This episode features a conversation with Kenyan hip hop artist Hustlajay Mau Mau. A conscious hip hop artists from Mombasa, Kenya who is part of an informal collective of conscious hip hop artists in East Africa. These artists, based in Nairobi and Mombasa, Kenya; in Kampala, Uganda; and in Dar es Salaam and Arusha, Tanzania continue to build on more than a decade of East African collaborations, forming grassroots organizing collectives and working on hip hop based initiatives that work with youth in those areas.
This episode features an interview with Senegalese hip hop pioneers and activists Xuman and Keyti. Xuman and Keyti have been active in hip hop in Senegal for over 20 years. They now host a hip hop news show called Journal Rappé on YouTube. The episode featured on this podcast features the U.S. rapper M1.
This episode focuses on some background information on studies of hip hop and studies of hip hop in Africa. We discuss some of the scholarship that has been produced on hip hop.
The show starts with the song “Inspiration” by Tanzanian hip hop artists Sima da Black Philosopher and Mukimala from the Dar es Salaam based hip hop group Wanaitwa Uhuru (Call them Freedom). The group’s album was featured in the best of 2013 on the World Hip Hop Market best of list.
You can find Mukimala on Facebook at: https://www.facebook.com/Mukimala-Muki-337773023036571/
We are introducing a new podcast show titled The Hip Hop African podcast. The podcast will feature interviews with artists and conversations around certain social and political issues that hip hop in Africa addresses. The podcast will be produced by Msia Kibona Clark in the Department of African Studies at Howard University, as well as students in her Hip Hop and Popular Culture in Africa course. This episode is just a brief introduction to the podcast.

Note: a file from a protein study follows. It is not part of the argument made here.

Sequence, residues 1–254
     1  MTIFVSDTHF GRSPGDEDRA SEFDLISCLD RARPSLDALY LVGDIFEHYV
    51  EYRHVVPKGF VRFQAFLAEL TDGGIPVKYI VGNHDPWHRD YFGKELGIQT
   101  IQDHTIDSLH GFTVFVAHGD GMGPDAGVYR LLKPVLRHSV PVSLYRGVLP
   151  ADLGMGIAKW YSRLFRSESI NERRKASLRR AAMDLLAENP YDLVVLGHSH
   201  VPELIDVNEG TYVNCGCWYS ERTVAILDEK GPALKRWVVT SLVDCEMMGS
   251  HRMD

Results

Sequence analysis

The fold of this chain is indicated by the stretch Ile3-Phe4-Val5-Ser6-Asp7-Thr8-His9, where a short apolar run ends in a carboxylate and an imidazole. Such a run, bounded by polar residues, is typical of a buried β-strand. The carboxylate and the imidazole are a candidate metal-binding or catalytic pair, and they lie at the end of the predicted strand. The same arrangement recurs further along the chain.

Since Hip Hop’s formation, Blackness and Indigeneity have intersected in interesting but previously unacknowledged ways. For instance, the use of the name Pow Wow by a member of the Soul Sonic Force and his wearing a headdress—a stereotype of Indigenous people, produced by Europeans. As Indigenous people have re-emerged in the public consciousness globally, Indigenous Hip Hop artists have been on forefront in asserting Indigenous peoples’ humanity through the cultural power of Hip Hop. And yet, even as Hip Hop Studies scholarship has gone global, or, to paraphrase Jeff Chang’s (2007) proclamation, “It’s a Hip Hop world,” the study of Indigeneity in Hip Hop culture, and how it intersects with blackness, has not been afforded the same attention.
Under contract with Sense Publishers, we would like to invite you to submit an essay for this innovative edited book that analyzes broadly the intersections of Hip-Hop…